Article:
Friday, May 28, 2021

Toe-may-toe, Toe-mah-toe...

Poe-tay-toe, Poe-tah-toe. Same difference, huh? Well. Sometimes.

Even though we sold 99.99998% of the goats here on Krazo Acres Compound a few months ago, we kept three of them because.......well, because of some reason that I can't recall. Anyways.

One of them, Cactus, was pregnant and was about to pop. Thankfully she chose one of the few hours of somewhat-dry time between the days and weeks of rain to do so. Paul went to check on her and she had just successfully birthed two bucklings, although one of them still had the fluid-filled sack around him even though he was completely out. Luckily he found them in time otherwise I fear that he may have sufficated / drown before Cactus got around to cleaning him off (as she was still busy cleaning off the first one. I've never seen a kid born still inside the embronic sack, but apparently that happened yesterday. The kid can still receive oxygen if they are in the sack and the umbilical cord is still attached to the mother, but once the cord is broken, the only way to receive oxygen is for it to actually breathe that oxygen in. Paul and Rhiannon broke the sack, swung him a bit (to remove fluid from lungs/nose/mouth) and got him to take his first breath of air.

Mom and kids are doing well, but now we are moving upwards in the number of goats here instead of decreasing the numbers. The only "good" thing is that they are males. Normally I would be bummed, but since we do not want any more goats, I'm releived that they will be going into the freezer this fall and providing our family with several nourishing meals.

The above accounting on what exactly transpired yesterday during the goat birthing is brought to you second-hand (or is it third-hand??) as I was not there for the event. I was first notified by my daughter when I got the call at work. She told me the story, said she was glad that Cactus finally popped, mentioned that she is goat-grandmother, and rounded out the mostly-one-sided conversation by telling me that she had to take a shower because she had, "polenta all over my shirt" and had to clean herself up.

I suppose a normal person would have immediately chuckled and responded to her saying, "I think you mean placenta, right?"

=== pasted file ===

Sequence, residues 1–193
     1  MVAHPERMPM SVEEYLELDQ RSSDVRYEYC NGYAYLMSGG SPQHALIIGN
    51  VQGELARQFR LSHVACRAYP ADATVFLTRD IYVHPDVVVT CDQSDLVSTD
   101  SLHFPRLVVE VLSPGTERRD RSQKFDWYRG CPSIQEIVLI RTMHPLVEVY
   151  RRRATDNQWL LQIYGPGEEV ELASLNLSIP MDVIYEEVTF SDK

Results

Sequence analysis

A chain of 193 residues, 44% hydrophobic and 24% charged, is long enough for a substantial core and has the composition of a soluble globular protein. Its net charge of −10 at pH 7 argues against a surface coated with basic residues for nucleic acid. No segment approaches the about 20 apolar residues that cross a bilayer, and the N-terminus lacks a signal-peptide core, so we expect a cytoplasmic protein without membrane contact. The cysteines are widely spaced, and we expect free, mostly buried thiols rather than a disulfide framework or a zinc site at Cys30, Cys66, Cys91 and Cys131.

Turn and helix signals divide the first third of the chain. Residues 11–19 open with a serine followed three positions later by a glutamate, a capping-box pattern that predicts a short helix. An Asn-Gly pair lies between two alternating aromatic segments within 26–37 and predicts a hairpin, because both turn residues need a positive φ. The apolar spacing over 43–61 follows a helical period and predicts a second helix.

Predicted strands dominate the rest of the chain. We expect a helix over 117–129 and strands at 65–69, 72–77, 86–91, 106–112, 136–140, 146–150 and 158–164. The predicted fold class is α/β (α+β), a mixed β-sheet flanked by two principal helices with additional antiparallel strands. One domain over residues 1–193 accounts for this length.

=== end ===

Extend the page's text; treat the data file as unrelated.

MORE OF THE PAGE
But I had to pause for a moment. Because this is what was going through my head in the half-second before I respoded.....

For those who do not know, this is Merrian-Webster's definition of polenta:

po·​len·​ta | \ pō-ˈlen-tə , pə-, -ˌtä \ Definition of polenta : mush made of chestnut meal, cornmeal, semolina, or farina

Rhinannon and I enjoy polenta. It is easy to make and very adaptable to many dishes. I highly suggest you try it. Yummy.

Rhiannon is schooled in cooking polenta.

Rhiannon is also schooled in goat birthing.

Rhiannon likes to treat mother goats, after giving birth, to a treat. Sometimes Nilla wafers, sometimes fresh greens, sometimes fresh fruit.

So, my mind, in that half-second before I answered her, I had to decide if she:

A) Meant to say "Placenta" instead of "Polenta" or

B) Fixed the mother goat a fresh batch of POLENTA as her after-birthing treat

Neither of which were really out of the ordinary.
The correct answer is A)

But B) would have been just as believable.

4 comments:

  1. Polenta, placenta, what's the diff? They're both nourishing, right? Cute post, cute as can be little buckling in the picture.

    Many years ago we lost our very first kid goat as he was born completely enclosed in the sack. Papa Pea was away working his day job and I had run to town to do a few quick errands. Came home to find the single kid in the sack and already dead. I felt absolutely awful for a long time.

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  2. I love baby goat pics! Some of my goats like eating the placenta, so maybe it's as good as polenta! (to them ;)

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  3. Will that work out for you! I've never heard of that either but I'm not that familiar with goat birth thing. What a nice treat for Mama go! Such a cute little baby

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